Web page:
Ephron grew up in Beverly Hills, made a name for herself as a journalist in New York, got into screenwriting via collaboration with then-husband Carl Bernstein on a version of “All the President’s Men,” and grew into what People magazine calls today “one of the most powerful figures in Hollywood as the creative force behind such blockbusters as ‘You’ve Got Mail,’ ‘Sleepless in Seattle’ and ‘When Harry Met Sally.'” Ephron reportedly had leukemia.
Her son Jacob Bernstein, a journalist, told the New York Times that Ephron died in New York of pneumonia brought on by acute myeloid leukemia.
The NYT news story calls Ephron a “wry woman of letters” and says she was “an essayist and humorist in the Dorothy Parker mold (only smarter and funnier, some said) who became one of her era’s most successful screenwriters and filmmakers.”
She graduated from Beverly Hills High School in 1958. Ephron is also survived by her sisters Delia, Amy and Hallie, another son Max, and husband Nicholas Pileggi, the writer.
From the NYT:
She was a journalist, a blogger, an essayist, a novelist, a playwright, an Oscar-nominated screenwriter and a movie director — a rarity in a film industry whose directorial ranks were and continue to be dominated by men. More box-office success arrived with “You’ve Got Mail” and “Julie & Julia.” By the end of her life, though remaining remarkably youthful looking, she had even become something of a philosopher about age and its indignities.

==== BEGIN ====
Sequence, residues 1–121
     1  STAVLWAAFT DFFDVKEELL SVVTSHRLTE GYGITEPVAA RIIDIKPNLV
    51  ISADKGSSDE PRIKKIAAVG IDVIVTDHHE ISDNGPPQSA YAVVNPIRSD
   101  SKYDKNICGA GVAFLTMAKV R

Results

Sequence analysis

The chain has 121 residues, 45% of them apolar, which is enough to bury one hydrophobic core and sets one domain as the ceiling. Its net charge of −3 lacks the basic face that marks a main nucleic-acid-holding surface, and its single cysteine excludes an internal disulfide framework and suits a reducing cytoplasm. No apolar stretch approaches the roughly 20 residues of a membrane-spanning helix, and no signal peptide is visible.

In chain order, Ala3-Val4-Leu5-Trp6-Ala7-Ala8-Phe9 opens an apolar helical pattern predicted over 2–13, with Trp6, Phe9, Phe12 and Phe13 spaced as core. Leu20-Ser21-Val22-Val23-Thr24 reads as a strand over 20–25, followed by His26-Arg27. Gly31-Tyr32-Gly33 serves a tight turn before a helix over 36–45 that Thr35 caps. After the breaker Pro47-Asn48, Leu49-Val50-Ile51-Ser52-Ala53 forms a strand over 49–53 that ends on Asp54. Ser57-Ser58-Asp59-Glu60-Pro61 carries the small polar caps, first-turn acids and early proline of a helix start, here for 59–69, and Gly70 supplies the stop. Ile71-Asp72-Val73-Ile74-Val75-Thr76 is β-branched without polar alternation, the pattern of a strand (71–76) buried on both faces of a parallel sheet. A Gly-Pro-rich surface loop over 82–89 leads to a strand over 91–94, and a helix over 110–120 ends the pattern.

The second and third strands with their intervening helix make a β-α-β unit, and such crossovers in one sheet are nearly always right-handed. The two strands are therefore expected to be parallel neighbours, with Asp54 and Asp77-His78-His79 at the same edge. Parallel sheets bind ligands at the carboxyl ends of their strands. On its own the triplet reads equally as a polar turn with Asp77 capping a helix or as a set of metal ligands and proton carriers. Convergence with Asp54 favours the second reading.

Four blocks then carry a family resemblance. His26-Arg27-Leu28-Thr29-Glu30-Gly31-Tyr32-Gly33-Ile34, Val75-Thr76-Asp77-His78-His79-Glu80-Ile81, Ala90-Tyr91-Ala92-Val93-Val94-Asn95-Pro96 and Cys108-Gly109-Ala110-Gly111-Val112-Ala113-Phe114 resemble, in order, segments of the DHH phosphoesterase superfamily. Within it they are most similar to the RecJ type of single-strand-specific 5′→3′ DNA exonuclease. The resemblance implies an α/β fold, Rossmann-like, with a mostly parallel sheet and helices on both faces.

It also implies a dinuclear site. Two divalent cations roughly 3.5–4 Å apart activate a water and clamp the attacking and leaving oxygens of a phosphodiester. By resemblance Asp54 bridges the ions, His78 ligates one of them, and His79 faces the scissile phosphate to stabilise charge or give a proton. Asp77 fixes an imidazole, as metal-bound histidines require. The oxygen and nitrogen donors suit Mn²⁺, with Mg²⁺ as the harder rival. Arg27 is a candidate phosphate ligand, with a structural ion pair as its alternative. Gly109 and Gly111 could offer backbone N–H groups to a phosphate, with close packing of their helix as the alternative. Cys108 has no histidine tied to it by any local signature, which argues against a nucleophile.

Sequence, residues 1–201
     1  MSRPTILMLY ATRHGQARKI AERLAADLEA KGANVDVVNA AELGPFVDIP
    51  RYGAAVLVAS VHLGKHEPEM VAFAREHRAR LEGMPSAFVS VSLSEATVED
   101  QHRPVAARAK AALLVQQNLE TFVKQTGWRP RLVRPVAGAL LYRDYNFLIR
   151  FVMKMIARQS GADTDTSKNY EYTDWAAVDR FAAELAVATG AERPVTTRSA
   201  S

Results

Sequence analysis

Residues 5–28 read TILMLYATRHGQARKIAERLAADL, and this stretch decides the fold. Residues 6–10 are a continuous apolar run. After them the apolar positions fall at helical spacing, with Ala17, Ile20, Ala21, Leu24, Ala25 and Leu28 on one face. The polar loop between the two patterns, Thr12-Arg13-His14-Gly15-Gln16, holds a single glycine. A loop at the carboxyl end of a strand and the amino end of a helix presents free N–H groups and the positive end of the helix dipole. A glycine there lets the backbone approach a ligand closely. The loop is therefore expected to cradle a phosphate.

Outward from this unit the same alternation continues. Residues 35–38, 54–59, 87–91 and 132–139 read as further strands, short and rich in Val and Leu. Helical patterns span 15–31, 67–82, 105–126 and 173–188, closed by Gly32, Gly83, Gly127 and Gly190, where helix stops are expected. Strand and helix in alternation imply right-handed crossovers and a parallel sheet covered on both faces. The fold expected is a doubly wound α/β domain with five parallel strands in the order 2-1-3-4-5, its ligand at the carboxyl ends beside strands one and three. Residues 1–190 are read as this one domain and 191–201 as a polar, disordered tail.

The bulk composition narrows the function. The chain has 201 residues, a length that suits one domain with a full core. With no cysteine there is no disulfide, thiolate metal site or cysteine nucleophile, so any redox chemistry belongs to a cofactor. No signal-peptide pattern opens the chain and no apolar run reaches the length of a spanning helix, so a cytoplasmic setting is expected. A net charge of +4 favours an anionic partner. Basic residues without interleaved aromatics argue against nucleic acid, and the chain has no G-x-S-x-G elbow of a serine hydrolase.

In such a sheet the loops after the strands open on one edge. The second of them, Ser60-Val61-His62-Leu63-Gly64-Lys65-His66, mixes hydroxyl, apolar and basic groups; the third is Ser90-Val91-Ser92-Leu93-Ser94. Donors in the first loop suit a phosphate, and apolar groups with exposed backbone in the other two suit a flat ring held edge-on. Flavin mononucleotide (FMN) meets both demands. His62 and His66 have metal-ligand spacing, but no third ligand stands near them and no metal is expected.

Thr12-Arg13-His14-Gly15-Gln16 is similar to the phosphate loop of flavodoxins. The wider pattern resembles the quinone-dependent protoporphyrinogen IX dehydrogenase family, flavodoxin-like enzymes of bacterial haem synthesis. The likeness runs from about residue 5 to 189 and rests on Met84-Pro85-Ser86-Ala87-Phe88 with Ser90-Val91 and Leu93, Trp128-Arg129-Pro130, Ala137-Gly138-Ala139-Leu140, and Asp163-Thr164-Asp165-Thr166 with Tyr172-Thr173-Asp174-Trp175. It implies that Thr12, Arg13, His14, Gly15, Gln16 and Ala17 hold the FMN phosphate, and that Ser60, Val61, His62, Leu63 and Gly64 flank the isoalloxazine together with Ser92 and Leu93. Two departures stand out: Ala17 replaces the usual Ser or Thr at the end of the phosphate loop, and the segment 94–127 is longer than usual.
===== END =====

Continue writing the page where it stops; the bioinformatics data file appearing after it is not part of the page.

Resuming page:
“Why do people write books that say it’s better to be older than to be younger?” she wrote in “I Feel Bad About My Neck,” her 2006 best-selling collection of essays. “It’s not better. Even if you have all your marbles, you’re constantly reaching for the name of the person you met the day before yesterday.”
She turned her painful breakup with her second husband, the Watergate journalist Carl Bernstein, into a best-selling novel, “Heartburn,” which she then recycled into a successful movie starring Jack Nicholson as a philandering husband and Meryl Streep as a quick-witted version of Ms. Ephron herself.
Ephron’s parents, Phoebe and Henry Ephron, were a screenwriting team who wrote such films as “There’s No Business Like Show Business,” “What Price Glory” and “Desk Set.”
Mark Lacter recommends a New Yorker piece by Ephron from last year: My life as an heiress